Mad Men Takes the Emmy
Matthew Weiner, the creator of the period drama, examines the damaged ad men and stifled housewives that viewers love.
Mad Men won the Emmy on Sunday night for Outstanding Drama. Matthew Weiner, its creator, took The Daily Beast on a tour of the winning season, with its damaged ad men and stifled housewives.
Mad Men, created by Matthew Weiner, presents a gorgeously nuanced and authentic portrait of life in 1960s Manhattan as though it were frozen in amber. In its second season, the AMC series delved deeper into the mysterious past of enigmatic central character Don Draper (Jon Hamm), a man with so many layers and identities that it’s hard not to think of him as a Scotch-swilling matryoshka doll. The show is now two for two in its Best Drama victories. (Season 3 began last month.)
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In Season 2, Don sought to find himself—at the bottom of his glass, in the arms of another woman, on a business trip to California—and his marriage to the fragile Betty (January Jones) began to crack under the pressure of one affair too many, a discovery that had the girlish Betty attempt to enact a secret revenge against her philandering husband. Elsewhere, changes were afoot at Sterling Cooper as a foreign merger loomed and a newly promoted Peggy Olson (Elisabeth Moss) adjusted to her new role as a copywriter, even as she attempted to keep some very dark secrets buried. But as Don and protégé Peggy know, nothing stays hidden. Their shared love for compartmentalization forced the duo to commit some terrible acts of self-preservation, bonding them together in shared lies.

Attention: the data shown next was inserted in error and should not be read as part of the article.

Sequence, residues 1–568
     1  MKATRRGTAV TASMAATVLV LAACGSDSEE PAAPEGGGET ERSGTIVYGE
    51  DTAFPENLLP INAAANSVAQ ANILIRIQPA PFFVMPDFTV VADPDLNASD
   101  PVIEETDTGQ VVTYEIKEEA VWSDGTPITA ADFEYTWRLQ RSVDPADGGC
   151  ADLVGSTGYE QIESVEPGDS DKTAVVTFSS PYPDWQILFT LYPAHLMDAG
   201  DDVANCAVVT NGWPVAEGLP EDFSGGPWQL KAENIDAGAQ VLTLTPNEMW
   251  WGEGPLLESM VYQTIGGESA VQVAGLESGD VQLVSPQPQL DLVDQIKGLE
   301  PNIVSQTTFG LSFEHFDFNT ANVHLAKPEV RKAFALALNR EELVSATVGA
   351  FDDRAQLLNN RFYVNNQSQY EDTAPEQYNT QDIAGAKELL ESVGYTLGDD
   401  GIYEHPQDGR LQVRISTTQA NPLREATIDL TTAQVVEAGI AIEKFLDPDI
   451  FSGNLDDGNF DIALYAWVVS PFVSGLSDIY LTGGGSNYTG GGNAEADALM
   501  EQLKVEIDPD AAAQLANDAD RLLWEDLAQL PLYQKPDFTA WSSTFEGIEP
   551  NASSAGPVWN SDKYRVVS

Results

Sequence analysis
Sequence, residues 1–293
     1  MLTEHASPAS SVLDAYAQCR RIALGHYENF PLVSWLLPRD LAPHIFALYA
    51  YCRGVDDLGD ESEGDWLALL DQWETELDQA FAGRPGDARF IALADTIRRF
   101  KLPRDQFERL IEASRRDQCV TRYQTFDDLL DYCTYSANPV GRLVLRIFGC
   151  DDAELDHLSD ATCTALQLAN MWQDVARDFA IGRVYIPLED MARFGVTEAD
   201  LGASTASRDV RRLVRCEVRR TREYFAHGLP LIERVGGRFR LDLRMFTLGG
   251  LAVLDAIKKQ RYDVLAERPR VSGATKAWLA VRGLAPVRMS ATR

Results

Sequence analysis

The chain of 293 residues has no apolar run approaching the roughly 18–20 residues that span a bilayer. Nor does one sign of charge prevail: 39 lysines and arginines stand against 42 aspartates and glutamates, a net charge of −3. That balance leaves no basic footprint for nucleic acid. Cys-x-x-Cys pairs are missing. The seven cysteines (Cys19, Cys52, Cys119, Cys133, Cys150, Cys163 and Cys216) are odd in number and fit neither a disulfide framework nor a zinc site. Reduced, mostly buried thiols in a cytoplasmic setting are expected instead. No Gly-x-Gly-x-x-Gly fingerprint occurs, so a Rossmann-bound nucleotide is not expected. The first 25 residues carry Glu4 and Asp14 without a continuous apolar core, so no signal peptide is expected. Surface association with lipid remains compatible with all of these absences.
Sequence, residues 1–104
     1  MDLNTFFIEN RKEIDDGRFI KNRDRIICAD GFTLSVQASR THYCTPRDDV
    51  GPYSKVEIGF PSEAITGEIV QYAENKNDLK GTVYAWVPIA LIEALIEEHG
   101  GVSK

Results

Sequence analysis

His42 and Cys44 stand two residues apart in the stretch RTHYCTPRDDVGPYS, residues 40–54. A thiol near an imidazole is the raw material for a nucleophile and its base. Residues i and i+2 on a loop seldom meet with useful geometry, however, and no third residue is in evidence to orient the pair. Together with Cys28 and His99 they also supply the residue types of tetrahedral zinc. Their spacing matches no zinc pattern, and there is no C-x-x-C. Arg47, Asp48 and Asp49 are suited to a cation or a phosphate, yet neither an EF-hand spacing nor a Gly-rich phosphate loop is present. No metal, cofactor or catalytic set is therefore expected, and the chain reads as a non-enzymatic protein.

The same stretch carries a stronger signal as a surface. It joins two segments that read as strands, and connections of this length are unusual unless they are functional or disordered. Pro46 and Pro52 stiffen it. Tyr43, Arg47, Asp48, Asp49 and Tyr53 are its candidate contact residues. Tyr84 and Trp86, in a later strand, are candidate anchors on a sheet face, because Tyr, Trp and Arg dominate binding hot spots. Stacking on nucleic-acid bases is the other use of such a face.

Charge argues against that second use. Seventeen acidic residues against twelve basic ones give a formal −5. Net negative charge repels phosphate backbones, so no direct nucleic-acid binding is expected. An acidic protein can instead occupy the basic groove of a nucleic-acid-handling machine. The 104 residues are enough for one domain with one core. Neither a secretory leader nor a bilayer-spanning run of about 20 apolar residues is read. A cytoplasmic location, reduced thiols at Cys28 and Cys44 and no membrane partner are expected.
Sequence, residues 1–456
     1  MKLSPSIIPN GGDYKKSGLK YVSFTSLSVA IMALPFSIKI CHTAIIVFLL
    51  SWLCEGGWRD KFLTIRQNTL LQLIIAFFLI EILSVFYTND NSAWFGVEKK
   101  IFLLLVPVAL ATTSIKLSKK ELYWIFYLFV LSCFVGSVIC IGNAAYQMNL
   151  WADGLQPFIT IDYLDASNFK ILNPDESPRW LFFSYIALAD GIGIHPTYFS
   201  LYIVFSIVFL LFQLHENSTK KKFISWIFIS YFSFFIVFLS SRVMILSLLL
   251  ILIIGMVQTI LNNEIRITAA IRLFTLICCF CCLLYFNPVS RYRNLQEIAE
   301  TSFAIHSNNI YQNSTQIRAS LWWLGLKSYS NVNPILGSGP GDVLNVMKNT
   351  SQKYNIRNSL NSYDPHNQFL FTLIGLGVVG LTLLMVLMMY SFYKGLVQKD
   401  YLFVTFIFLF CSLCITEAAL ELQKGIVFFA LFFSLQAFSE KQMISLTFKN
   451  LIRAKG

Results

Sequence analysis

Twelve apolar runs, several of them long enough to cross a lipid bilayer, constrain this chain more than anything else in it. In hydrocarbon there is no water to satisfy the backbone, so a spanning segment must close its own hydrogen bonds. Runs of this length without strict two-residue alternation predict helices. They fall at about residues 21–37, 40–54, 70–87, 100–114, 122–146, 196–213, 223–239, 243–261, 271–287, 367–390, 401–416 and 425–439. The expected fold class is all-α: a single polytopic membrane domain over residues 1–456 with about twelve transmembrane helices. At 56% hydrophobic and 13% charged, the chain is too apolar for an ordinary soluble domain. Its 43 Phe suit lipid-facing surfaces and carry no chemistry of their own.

These might be the days of wine and roses, but there are also a slew of social issues, including racism, sexism, war, and sexuality, being played out amid a stylish and painstakingly recreated period backdrop. As we see America changing one day at a time, so too do the richly human characters of Mad Men, taking a step forward—booze in one hand, cigarette in the other.
Jace Lacob is the writer/editor of Televisionary, a Web site devoted to television news, criticism, and interviews. Jace resides in Los Angeles. He is a contributor to several entertainment Web sites and can be found on Twitter and Facebook.